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Nurses' Medication Errors

An Interpretative Study of Experiences

Marianne Arndt

The meaning that nurses assign to experiences with medication errors is examined within the framework of an interpretative research design. Nurses' concrete experiences provided the data. Discourse analysis as the nucleus of the analytic tools employed is described and exemplified in the context of this phenomenologically based study. The decisions made in such situations as addressed here have moral implications on personal, institutional, and professional levels. The willingness to be self critical and the readiness to communicate as the two attitudes fundamental to moral decision-making empower nurses to develop a perception of personal and professional integrity. Description, analysis and interpretation of nurses' discourse about medication errors reveal how experiences, when talked about, shapen and influence practice.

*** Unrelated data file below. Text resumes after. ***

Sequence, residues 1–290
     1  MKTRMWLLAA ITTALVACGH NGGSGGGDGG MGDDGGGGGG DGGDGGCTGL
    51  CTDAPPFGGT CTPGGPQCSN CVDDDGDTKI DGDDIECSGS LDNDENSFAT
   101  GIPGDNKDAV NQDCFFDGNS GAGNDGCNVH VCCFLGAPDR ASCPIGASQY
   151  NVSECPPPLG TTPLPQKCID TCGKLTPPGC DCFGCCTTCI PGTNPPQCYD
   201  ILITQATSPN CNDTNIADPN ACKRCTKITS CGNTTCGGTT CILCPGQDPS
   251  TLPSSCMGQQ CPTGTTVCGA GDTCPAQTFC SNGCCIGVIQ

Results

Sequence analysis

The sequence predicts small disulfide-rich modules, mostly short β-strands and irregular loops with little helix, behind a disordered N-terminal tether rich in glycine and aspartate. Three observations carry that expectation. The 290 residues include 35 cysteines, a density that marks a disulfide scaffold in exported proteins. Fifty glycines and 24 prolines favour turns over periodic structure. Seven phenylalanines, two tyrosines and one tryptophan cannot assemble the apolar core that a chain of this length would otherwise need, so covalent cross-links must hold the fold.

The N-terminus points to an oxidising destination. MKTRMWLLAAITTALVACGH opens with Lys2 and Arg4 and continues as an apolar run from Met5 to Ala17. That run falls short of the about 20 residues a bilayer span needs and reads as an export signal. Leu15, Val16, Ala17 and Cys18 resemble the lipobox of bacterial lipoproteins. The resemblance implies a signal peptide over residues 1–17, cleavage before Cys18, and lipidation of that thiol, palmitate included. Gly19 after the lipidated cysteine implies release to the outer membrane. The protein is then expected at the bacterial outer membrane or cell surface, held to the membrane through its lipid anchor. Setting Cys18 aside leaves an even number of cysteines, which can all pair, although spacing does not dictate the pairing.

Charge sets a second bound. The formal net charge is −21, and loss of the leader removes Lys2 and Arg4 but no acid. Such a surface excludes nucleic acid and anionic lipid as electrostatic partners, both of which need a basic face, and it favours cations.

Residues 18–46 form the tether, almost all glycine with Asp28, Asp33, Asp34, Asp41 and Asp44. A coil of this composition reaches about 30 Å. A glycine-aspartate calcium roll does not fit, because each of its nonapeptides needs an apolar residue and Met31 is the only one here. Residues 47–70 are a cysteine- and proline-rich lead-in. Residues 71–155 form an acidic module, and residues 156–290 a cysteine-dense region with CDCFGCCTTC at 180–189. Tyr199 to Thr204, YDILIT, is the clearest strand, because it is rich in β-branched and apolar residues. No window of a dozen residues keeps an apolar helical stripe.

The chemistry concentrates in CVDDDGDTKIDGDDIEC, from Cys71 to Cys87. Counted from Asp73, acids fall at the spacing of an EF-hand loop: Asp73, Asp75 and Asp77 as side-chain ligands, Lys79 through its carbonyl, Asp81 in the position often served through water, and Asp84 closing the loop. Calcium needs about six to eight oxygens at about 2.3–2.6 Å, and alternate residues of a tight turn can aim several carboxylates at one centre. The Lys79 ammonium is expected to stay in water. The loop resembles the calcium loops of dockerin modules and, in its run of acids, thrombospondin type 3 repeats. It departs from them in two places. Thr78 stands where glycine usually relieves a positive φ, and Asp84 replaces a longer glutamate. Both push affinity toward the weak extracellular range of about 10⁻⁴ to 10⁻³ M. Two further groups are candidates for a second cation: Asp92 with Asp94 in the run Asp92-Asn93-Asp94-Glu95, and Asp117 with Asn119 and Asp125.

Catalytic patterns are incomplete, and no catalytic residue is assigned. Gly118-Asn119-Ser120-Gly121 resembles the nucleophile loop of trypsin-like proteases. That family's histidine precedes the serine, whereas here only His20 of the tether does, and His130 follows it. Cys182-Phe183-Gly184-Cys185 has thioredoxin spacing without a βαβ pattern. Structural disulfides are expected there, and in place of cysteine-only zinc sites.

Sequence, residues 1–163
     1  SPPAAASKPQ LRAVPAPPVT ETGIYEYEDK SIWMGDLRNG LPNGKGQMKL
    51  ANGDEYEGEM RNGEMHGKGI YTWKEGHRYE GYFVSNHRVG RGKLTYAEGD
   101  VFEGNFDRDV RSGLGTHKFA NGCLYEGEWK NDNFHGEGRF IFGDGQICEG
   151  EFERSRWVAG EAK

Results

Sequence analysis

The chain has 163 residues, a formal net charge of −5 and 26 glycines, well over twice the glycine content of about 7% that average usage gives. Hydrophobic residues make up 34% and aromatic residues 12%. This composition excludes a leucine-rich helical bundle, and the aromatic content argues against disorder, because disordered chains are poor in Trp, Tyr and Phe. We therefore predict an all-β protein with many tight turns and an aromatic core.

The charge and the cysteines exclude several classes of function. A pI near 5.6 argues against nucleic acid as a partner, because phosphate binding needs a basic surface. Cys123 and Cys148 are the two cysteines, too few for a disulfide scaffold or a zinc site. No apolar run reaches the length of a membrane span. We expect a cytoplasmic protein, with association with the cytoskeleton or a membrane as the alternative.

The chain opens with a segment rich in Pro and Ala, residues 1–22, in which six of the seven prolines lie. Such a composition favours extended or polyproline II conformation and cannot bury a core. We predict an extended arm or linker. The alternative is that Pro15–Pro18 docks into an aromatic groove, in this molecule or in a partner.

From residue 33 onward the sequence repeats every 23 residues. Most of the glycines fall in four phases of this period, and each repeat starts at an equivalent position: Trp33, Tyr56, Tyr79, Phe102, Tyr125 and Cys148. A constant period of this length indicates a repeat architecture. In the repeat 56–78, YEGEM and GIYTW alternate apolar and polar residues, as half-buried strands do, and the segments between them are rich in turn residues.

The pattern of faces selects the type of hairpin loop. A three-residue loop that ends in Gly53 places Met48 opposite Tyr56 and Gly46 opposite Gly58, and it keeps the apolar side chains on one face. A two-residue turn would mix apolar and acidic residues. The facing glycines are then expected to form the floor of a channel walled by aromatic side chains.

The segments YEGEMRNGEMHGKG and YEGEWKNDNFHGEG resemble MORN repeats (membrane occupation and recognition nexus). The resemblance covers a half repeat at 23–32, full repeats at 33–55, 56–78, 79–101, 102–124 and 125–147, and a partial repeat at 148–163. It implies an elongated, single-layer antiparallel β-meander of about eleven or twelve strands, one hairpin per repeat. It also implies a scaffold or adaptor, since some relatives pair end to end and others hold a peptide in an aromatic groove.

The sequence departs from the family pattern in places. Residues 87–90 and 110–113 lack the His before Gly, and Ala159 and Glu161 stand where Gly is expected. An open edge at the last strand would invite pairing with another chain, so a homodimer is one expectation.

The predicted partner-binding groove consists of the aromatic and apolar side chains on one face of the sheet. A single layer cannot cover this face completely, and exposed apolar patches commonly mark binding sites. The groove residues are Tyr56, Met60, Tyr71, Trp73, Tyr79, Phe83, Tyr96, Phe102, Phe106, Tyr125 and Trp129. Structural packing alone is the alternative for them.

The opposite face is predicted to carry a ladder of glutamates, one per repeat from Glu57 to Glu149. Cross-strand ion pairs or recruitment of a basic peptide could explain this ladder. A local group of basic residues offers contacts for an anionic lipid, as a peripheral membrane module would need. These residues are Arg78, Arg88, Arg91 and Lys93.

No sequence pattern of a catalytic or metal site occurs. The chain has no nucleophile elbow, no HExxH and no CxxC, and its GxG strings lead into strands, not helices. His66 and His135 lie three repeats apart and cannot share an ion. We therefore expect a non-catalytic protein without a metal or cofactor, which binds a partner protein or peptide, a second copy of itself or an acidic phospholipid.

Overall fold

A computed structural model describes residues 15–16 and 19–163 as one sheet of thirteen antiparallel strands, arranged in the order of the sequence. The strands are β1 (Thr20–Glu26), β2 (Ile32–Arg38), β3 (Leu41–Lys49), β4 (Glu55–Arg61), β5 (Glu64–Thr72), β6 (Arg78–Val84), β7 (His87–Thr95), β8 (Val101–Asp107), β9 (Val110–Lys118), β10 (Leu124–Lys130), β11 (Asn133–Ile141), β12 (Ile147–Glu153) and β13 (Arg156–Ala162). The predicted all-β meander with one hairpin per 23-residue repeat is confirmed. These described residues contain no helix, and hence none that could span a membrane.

Contents: Drug routine - Medication errors - Procedure of dealing with medication errors - German and British perspectives of nursing - Caring for others - Caring for self, teaching of ethics in nursing education and practice - Phenomenology as a basis for qualitative research - Discourse analysis - Subjection and Power - Identification and Change - Guilt and Shame: Reconciliation with Human Precariousness - Learning from Mistakes - Teaching Ethics in Nursing Education.